If “there is a crack, a crack in everything,” the pandemic has certainly exposed thousands of them, large and small. But, as Leonard Cohen wrote, “that’s how the light gets in.” And when it comes to the East Bay arts community, the pandemic did crack open possibilities for collaboration among arts institutions that had never existed before.
“Arts organizations that used to be so busy and proprietary about everything — they couldn’t possibly collaborate! — discovered, lo and behold, the great benefit and joy of working together,” said Susie Medak, the longtime managing director of Berkeley Rep. “Many of us have been collegial over the years, but not necessarily collaborative. Our interests and our decision-making calendars [had not been] the same.” But the existential shock of the pandemic changed all that.
While San Francisco arts organizations have a history of working together to promote the city’s cultural scene, Alameda County art organizations — spread out over disparate cities such as Berkeley, Oakland, El Cerrito, Hayward, Livermore, Fremont, San Leandro and others — have historically been isolated and “Balkanized,” Medak said.
The pandemic brought the gift (and the curse) of Zoom, which suddenly allowed arts executives from throughout Alameda to gather for lunchtime meetings from the comfort of their home or office, without the need for a long commute. This gave Medak — who manages Berkeley’s largest arts organization — and her colleague Lori Fogarty — executive director of the Oakland Museum of California, the largest arts institution in Oakland — a once-in-a-lifetime opportunity to change the arts landscape of the county.
Taking advantage of the enforced pause, Medak and Fogarty expanded what had been a personal and professional friendship into a wide coalition that calls itself the East Bay Arts and Cultural Alliance. It now includes more than 50 arts and cultural organizations as varied as Aurora Theatre, Children’s Fairyland, the Magnes Collection, Oakland First Fridays, Peralta Hacienda Historical Park, UC Botanical Garden and dozens of others.
The group eventually settled on two initial goals for collaborative action. The first was lobbying Alameda County to commit 2% of the federal stimulus package (the American Rescue Plan Act) to the arts. The second goal piggy-backed on a San Francisco-based effort called Bay Area Arts Together and aims to help Alameda County audiences feel comfortable returning to the region’s arts venues post-pandemic. Members hope that, down the road, the alliance can grow to encompass collaboration on arts programming.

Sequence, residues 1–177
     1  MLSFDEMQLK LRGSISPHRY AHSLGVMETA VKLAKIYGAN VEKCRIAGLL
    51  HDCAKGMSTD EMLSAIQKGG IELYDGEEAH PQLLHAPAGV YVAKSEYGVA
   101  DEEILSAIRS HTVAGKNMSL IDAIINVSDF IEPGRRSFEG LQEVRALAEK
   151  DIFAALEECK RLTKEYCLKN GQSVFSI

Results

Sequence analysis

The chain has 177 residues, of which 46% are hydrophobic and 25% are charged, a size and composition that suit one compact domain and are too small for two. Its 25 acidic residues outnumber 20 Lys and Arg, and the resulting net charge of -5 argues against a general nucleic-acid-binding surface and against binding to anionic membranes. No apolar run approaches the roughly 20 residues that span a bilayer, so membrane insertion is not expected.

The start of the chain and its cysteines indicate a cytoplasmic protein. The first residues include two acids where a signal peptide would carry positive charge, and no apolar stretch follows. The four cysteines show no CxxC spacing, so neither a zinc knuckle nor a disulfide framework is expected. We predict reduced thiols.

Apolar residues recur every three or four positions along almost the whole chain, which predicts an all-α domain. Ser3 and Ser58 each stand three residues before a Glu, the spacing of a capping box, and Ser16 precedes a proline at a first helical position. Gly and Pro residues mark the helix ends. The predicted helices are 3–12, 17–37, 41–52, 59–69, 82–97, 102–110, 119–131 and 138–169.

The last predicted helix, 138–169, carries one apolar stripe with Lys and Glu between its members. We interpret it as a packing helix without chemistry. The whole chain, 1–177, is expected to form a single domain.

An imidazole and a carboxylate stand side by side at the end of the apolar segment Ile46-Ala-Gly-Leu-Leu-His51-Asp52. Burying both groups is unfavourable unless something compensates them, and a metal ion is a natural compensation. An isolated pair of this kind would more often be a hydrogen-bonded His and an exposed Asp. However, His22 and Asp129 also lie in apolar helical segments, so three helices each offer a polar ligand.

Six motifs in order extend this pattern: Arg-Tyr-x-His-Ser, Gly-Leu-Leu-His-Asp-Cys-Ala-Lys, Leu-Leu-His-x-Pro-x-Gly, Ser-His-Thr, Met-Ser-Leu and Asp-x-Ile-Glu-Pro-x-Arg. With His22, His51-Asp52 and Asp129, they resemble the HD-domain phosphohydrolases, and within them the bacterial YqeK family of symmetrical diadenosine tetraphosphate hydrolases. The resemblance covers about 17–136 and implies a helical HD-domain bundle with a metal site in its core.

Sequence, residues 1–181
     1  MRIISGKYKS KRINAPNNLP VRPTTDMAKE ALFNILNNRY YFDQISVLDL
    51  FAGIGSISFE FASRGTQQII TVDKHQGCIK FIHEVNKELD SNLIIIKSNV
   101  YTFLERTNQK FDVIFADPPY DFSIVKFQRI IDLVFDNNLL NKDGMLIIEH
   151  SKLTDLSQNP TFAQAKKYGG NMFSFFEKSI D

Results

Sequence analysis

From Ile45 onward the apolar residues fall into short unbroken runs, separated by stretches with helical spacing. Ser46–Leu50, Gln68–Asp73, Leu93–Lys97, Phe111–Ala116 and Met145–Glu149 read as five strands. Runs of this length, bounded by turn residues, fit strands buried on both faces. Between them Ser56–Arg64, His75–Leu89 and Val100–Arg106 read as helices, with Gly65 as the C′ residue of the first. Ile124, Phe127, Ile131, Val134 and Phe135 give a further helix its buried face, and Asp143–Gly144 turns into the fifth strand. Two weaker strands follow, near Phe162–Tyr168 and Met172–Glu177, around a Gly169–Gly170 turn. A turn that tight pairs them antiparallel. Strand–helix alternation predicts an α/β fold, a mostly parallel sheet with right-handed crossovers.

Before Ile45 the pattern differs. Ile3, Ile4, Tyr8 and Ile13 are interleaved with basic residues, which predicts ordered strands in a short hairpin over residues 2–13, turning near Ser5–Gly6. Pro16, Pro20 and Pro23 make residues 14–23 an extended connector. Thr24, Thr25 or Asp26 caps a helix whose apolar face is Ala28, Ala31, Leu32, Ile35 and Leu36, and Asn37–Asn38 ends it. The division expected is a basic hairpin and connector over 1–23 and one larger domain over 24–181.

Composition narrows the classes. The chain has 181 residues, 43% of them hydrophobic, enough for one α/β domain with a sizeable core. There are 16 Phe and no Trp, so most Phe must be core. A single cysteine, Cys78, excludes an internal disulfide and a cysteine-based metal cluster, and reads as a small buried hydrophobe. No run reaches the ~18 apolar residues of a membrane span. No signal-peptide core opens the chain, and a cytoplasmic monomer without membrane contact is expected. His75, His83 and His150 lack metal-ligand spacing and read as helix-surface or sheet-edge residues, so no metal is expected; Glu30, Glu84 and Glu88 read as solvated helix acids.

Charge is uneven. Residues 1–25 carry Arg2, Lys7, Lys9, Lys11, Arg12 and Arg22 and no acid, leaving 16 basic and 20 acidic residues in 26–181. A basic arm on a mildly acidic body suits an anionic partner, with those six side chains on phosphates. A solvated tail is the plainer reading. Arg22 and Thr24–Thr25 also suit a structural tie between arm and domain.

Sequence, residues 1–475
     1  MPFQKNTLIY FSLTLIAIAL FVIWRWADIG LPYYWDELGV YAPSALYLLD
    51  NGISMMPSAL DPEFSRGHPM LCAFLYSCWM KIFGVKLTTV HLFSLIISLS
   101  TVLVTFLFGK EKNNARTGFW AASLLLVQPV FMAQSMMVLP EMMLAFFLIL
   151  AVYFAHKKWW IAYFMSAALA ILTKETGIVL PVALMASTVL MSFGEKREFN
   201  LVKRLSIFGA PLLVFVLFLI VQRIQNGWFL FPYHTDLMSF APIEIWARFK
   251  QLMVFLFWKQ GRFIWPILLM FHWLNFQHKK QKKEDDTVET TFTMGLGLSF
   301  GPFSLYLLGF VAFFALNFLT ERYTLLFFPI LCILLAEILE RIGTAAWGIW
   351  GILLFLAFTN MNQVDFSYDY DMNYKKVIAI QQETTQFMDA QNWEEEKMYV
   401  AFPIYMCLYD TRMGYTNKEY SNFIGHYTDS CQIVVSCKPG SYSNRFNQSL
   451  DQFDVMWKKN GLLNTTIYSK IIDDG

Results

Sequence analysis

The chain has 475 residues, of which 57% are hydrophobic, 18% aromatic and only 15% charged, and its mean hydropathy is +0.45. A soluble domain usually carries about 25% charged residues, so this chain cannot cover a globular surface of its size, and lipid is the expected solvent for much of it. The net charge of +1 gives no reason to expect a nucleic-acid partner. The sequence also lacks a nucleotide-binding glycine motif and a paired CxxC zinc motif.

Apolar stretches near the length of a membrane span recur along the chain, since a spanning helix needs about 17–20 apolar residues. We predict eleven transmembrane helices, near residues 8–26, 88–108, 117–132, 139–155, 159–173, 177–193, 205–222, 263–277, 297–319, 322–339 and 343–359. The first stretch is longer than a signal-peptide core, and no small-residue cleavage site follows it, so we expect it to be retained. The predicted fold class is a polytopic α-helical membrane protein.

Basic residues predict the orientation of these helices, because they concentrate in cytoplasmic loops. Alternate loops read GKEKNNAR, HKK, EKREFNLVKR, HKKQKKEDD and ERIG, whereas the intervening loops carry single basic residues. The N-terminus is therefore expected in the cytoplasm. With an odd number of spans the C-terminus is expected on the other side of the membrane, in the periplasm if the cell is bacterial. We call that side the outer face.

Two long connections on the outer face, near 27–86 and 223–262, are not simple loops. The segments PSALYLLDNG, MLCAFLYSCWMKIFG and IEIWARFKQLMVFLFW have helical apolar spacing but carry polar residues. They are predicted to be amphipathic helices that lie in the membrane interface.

Creating a funding stream
San Francisco has long invested in its arts community, realizing how important it is for the city’s economy, Medak said. “The city of Berkeley [also] does its absolute best to fund the arts,” Medak said. “The mayor and city council members were really strong supporters of a $2 million fund to help arts organizations during the pandemic. But Berkeley can’t support the arts like San Francisco can: It’s such a small city, with so many outsized arts organizations.”
Alameda County, meanwhile, has not historically supported the arts in a financially significant way, Fogarty said. In the early part of the pandemic, the Alameda County Arts Relief Grants Program only provided “modest” support to 220 of the county’s 500 arts and cultural organizations, the alliance noted in a formal letter sent to the supervisors this summer. The average grant amount was $5,732: The smallest organizations received $3,150 each and the largest organizations received $15,750 each.
One reason the arts community hasn’t gotten more money from the county is because it never did the work of countywide organizing, Fogarty said. “There are over 500 nonprofit arts and cultural organizations in Alameda County,” she said. “But we never went to the county with one voice and requested support.”
It was funding from the federal government that kept many of the larger arts and cultural institutions alive during the pandemic, Medak said. If not for support through Shuttered Venue Operators Grant and the Payroll Protection Program, Berkeley Rep might not have survived. “When all this first went down, there was no assumption of any government subsidy,” Medak said. “There was no precedent of federal funding for cultural institutions since the 1930s and the WPA. This is a reminder that there is a role for government to play in supporting activities that are not totally market driven.”